I wrote yesterday about how much I'm watching the birds these days, and what a beautiful new awareness that is in my life. I've always admired them, but never sat still and long and really looked more than occasionally. The learning about birds been a huge gift of this quarantine season. And then this morning, an enormous owl flapped across my path in the forest and sat on a limb for ages, looking at me and chatting a little. I'd gotten over there very early (about 6:15), sadly without my smaller sketchbook today, since s/he sat so long. I wish I'd had it. It was still pretty dark to take photos, but I got a couple and locked in a little in my memory as well. Over breakfast I sketched out this page to help me remember in coming times. I loved the side to side head motion. I must have stood there 5 or 6 minutes. I think perhaps there was a nest nearby, or probably s/he would have just moved on. I finally decided I'd been an annoying presence long enough and took up my walk again, with such gratitude for the beauty of the forest and all its creatures.
I don't know if this is really a Quarantine Journal or a new normal journal. We're a long way in from what we used to think of as normal, though, so even though the shelter at home order is lifted, it feels like I'm still largely in quarantine from the virus if not the government.
My new garden, which has been giving me herbs, is now also giving me gardenias, and I could not be more delighted. They smell divine. One good friend has brought them to me before from her bush, and I've wanted one ever since. Our little midtown nursery is open air shopping, so I got there first thing a month or so ago. I also have my first hydrangea blossoms. It's been a joy to reclaim a bit of my messy yard for beauty.
I had lunch on the back porch today and watched a dove building her nest. With every beak full of straw, she stopped to perch on the fence across from me before she took it on to the nest. I finally got my sketching things and managed to draw her over several trips. After the Cardinal tragedy (though I'm happy to say they're still whizzing around the yard and seem to be mating again!), it's happy to see another nest being built. This one is quite high, so I'll have to just watch from a distance, but it's a joy. I've never watched birds the way I have this year. I feel like I'm turning into my grandmother, and it's really given me a lot of quiet happiness in the midst of the chaos.
I feel like I've been working on this tiny print for ages, and today I got yet another proof done. It's not quite what I want -- the tunnel shape still isn't quite there, and I'd like more definition at the right hand side. But the main purpose of this is to do a test for doing a bigger piece, and I've finally figured out what is working and what isn't, so I think I'm ready to draw this up bigger and start carving. It was good to work out the kinks in something that was a lot less labor (and expensive material -- this was done on scraps I already had instead of a large sheet). I'm still working to get the seagulls finished, but this will be next up.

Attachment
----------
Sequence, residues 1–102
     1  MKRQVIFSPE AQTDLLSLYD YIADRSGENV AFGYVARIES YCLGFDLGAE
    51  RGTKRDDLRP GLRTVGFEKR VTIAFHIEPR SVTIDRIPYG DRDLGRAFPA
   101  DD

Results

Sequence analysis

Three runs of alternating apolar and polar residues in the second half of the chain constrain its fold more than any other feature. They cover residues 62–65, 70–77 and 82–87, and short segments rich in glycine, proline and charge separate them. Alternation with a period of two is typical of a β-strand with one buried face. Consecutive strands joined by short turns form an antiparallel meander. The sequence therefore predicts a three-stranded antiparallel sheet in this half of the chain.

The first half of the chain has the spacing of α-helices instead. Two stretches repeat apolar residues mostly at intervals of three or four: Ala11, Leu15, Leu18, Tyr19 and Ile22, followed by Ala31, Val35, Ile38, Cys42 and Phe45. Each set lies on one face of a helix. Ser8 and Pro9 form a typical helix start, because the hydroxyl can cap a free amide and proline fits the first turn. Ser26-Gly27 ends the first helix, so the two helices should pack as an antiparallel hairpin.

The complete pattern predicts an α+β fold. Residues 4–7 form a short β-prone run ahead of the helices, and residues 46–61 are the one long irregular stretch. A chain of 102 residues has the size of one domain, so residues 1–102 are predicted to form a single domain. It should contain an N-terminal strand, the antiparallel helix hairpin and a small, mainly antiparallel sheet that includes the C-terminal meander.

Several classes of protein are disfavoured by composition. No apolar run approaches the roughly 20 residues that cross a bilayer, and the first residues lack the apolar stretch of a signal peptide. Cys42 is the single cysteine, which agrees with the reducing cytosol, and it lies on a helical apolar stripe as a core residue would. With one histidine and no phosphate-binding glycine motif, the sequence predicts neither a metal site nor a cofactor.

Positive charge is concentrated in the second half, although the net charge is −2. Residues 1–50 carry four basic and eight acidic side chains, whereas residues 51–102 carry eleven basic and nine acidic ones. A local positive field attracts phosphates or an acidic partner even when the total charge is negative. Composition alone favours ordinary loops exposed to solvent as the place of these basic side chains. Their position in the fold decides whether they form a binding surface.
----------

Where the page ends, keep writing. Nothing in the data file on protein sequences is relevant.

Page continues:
I've been divided between sketching, printmaking, and skiving off lately, so I've been irregular in all my pursuits. I have done a few more Mr. Darcy sketches over the last couple of days, however, and here they are. The watercolor one is the aerial view of him I get from my work table stool when he's lying next to me. The others are when we're both on the sofa at night. I'm so grateful for his company.
I had a reptile kind of walk this morning. I got out early to beat both the heat and the holiday weekend crowds in the park, and I had the forest beautifully to myself. I had done a short walk with Mr. Darcy (who struggles with an arthritic hip these days) and then gone back out with my smaller sketchbook. I'm so glad I did. I found a turtle in the middle of the path, and he very obligingly hung around and let me sketch him. He didn't even pull into his shell.
Not five minutes later, I came across a pair of copperheads writhing together on the path. This time I took a photo but didn't stay in the vicinity long enough to sketch. I did the journal page looking at both my turtle sketch as well as reference photos for both.
These are the first snakes I've seen in ages, which is a little unusual for me. For several years now I've been a bit of a magnet for them, enough that the forester has joked about having the copperhead researcher (a professor at a local college) follow me around so she can find them more easily. I was beginning to feel like I might speak parseltongue without knowing it, though truthfully, a port key or apparition would be much my preferred form of Harry Potter magic. Today made up for the gap, however, since I saw two at once for the first time.
I’ve been slow on my journal this week since I’ve gotten back moving on prints, though truthfully, I’ve been slow on a lot of things. I’ve been spending a lot of time in my favorite reading chair with Wilkie Collins. I did at least draw the view. This is another corner I reworked recently in my push to get the house how I want to live in it. I found the little square stained glass lamp at a garage sale. It’s not fine, but it matches the wall well and cheers up to top of the cabinet. Hanging next to it is a Hatch Show Print I had bought years ago and never gotten around to framing. I love it, and it’s great to have it up on the wall. Less clearly visible to the left, on the oven with magnets, are a drawing from a friend for my birthday (which itself needs framing, but it came after my big order of frames and binge of work in that direction) and several show cards that inspire me and make me happy.